In order to afford living on my own in Los Angeles I juggled several jobs. Besides working at frame shops and dabbling in the art world (I became a potter, but still tried to sell my own paintings, photography and drawings on the side), I started cooking in restaurants. I moved my way up from dishwasher to prep cook, dabbled in baking fresh bread, (even bartended) and eventually ended as a Saucier. I loved being a Saucier and I was good at it. I had a history of making soups and sauces since I was a child so it was a natural transition for me in restaurant kitchens.
When we were little, my sisters and I would pick fresh herbs, peppers and tomatoes from the garden and make marinara for our pasta dinner. My Mom was a single, on-the-go woman, so much of our childhood was spent with my sisters and I self-parenting and parenting each other. My sisters and I ate a lot of pasta, therefore we needed variety in our toppings so we experimented and got quite adept at creating delicious sauces. All of my sisters and I grew up to be great cooks, each of us specializing in something a little different than the next. I believe, with the right ingredients, the proper mindset and inspiration, we can make anything!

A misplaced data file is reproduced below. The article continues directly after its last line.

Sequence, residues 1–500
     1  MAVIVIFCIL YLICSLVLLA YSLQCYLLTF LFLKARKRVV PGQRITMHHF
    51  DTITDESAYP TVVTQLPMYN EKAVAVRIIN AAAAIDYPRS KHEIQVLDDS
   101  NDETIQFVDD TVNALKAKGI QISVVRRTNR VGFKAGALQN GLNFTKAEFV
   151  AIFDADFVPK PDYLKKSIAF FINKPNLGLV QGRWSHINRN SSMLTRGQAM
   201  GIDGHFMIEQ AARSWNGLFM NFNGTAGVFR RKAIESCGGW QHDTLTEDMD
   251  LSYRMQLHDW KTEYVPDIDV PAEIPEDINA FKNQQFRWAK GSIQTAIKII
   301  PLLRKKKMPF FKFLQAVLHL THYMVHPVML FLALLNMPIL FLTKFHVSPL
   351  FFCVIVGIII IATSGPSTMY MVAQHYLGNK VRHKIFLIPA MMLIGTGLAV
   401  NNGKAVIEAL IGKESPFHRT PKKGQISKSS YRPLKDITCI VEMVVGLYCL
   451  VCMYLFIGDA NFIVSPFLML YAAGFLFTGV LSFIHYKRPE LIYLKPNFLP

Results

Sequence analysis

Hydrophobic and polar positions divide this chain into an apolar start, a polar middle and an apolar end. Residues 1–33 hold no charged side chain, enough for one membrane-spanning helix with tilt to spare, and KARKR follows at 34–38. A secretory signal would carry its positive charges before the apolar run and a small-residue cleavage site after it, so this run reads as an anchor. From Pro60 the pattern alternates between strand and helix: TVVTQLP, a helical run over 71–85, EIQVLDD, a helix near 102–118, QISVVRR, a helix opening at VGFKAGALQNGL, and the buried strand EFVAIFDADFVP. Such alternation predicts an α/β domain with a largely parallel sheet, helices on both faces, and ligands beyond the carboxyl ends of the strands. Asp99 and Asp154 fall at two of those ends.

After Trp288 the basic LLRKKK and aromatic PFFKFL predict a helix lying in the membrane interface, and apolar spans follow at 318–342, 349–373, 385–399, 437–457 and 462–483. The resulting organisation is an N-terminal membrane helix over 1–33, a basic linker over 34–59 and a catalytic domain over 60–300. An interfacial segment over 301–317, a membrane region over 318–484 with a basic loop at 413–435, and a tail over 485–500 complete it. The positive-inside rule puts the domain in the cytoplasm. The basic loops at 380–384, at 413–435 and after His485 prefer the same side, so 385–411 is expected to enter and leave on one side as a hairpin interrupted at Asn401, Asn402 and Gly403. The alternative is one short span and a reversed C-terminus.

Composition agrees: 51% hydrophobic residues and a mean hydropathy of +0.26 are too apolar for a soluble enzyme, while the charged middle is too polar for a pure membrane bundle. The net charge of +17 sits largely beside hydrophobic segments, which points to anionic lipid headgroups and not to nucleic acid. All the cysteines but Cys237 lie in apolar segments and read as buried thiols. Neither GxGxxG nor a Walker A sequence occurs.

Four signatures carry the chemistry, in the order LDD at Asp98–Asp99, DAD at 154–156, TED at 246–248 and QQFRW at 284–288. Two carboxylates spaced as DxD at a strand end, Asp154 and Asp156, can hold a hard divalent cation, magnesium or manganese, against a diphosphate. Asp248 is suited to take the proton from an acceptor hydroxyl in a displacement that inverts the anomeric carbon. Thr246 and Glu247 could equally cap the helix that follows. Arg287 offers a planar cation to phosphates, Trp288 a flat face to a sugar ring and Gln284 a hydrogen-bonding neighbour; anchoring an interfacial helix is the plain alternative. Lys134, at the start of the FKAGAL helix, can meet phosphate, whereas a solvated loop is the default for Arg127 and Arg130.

This brings me to perfume.
It is my belief that if you can cook, you can make perfume. That is not to say making perfume is easy. It is not. Like cooking, I had to make a lot of terrible perfumes to get where I am today and it took years to figure out what works. It feels awful to waste precious raw materials through trial and error. But think about it: How many times have you made a terrible drink while you learned to mix alcohol? How may times have you made a less than stellar meal while you were learning to cook? I cannot tell you how many times I have accidentally burned something (usually bread) in the my kitchen (and on the job)! I have lived in so many apartments (switching from gas to electric stoves) and therefore have had to adjust to every sort of cooking appliance and suffering environmental variables. My point is: there is just a lot to consider (most of it unexpected) when cooking or creating… well, anything! The same applies for perfumery!